When I was five, I invented a gibberish language. It was only spoken, with few rules. Just lots of sonority—a melange of short vowels and palatal and bilabial consonants (“Jabashow oum abishish?”). The language was less about communicating messages, and more about communicating emotions. I never spoke the language as myself, but as my alter ego. I assigned characters to my parents and brother (my brother’s character was named Starlings), and insisted that whenever one person prompted it, everyone else spoke the language in character. And I was not the only one to prompt our gibberish-speak. The lengths my parents went not to stifle my creativity was tremendous.
Shortly after the extinction of my language, my childhood dog Pepper was born and brought into our home. It only took a few months before my family and I were speaking for her—and through her. We gave her a high-pitched lispy voice and whenever we shared “her” thoughts, it was in this tone. Really, they were our own thoughts and emotions. My gibberish language had been excavated and revived as Pepper’s voice.
Though they (literally) sounded silly, the gibberish language and my dog’s voice were essential communication tools in my family. Being laughably poor at communicating our emotions, the silliness gave us each an approachable vehicle to do so. It was through Pepper’s voice, for example, that my dad told me that Pepper (really he) would miss me when I went to college—and through Pepper’s voice that I responded.
On Monday night, I attended Eileen Myles’ book reading for their new, Afterglow (a dog memoir). The narration leaps between their late dog Rosie’s and their point of view. One of the readings was from a chapter in which Rosie is a guest at a puppet talk show. The surrealness of the setting was entertaining, as was Eileen’s gestural reading of it (including their performance of Rosie moving her butt into her chair and getting comfortable).
One puppet, Oscar, interviews Rosie, and both commiserate about their plight of dealing with humans. Oscar describes the discomfort of a human hand entering him and forcing him to say what he wouldn’t otherwise, words that often are at odds with his beliefs. Humans are always speaking and deciding for dogs, too. Oscar goes on to criticize humans for their obsession with self-importance. The puppets have come to Rosie because they believe that puppets and dogs must band together to outnumber humans.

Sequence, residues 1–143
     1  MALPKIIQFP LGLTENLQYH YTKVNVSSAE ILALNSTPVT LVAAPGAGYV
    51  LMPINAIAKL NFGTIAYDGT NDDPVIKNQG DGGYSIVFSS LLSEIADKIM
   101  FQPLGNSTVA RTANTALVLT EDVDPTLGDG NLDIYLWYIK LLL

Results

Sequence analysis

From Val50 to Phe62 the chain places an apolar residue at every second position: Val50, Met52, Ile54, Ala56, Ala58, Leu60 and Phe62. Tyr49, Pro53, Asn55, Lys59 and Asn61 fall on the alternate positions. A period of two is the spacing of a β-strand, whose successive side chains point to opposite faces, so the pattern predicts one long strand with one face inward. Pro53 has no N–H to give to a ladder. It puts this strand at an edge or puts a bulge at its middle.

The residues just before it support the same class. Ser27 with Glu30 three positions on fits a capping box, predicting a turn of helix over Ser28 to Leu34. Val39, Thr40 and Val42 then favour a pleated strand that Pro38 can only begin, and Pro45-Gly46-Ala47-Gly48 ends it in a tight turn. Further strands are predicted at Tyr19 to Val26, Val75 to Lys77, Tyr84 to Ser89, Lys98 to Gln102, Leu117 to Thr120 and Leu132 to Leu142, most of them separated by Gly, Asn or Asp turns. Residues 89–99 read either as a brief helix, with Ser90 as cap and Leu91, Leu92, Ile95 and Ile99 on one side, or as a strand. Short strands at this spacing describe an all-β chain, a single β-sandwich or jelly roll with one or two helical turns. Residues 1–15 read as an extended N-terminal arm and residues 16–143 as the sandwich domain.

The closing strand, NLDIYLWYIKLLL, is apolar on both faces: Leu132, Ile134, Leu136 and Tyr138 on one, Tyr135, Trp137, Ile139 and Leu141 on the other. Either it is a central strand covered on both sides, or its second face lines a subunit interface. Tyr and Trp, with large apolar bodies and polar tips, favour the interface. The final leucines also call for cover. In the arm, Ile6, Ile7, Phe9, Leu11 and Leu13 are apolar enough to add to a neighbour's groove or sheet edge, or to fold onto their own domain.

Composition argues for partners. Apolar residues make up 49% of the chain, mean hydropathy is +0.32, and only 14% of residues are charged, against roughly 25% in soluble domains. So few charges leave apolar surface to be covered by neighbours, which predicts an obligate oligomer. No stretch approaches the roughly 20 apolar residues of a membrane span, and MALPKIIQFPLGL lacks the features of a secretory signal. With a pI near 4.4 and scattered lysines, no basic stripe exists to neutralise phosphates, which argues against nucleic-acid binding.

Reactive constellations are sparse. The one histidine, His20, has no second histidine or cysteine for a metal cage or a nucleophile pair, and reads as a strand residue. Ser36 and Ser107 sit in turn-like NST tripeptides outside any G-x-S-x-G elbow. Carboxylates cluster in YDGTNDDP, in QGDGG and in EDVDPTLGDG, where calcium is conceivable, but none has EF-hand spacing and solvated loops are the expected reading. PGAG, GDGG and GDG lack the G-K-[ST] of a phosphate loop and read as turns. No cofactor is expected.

Through the Candide-esque satire of this scene, Myles delivers their powerful critique on modern society.
Taking questions from the audience after the reading, Myles compared this work with their previous ones—poems and personal memoirs. “This book actually has substance,” they half-jested. “Previous ones were just about my life. So when people reviewed those works, they eventually turned into criticisms of me and my life. But this one is a dog’s point of view. Rosie’s. Now critiques are actually about the book and the writing.” The silliness of this dog memoir effectively delivers a serious message in a way unlike any of their previous works.
Whether in the form of a gibberish language or fantasy, embracing silliness suddenly seems like an effective vehicle for earnestness. And as I reflect on it, I’ve recently observed it succeeding around me—a coworker wearing a glittery bug antenna headband when it’s time for the team to focus; a friend partially hiding her face behind a ludicrous monkey doll while describing a new routine in her current battle with depression.
There is a lot of serious stuff happening in the world, and likely in your personal and professional life as well. It can be all-consuming. Maybe the puppets are right. Maybe we can occasionally loosen up, while still effectively communicating our platforms. In the right moments, consider finding your way to buoy the heaviness. In doing so, you might find that you can get away with a lot less hand-waving.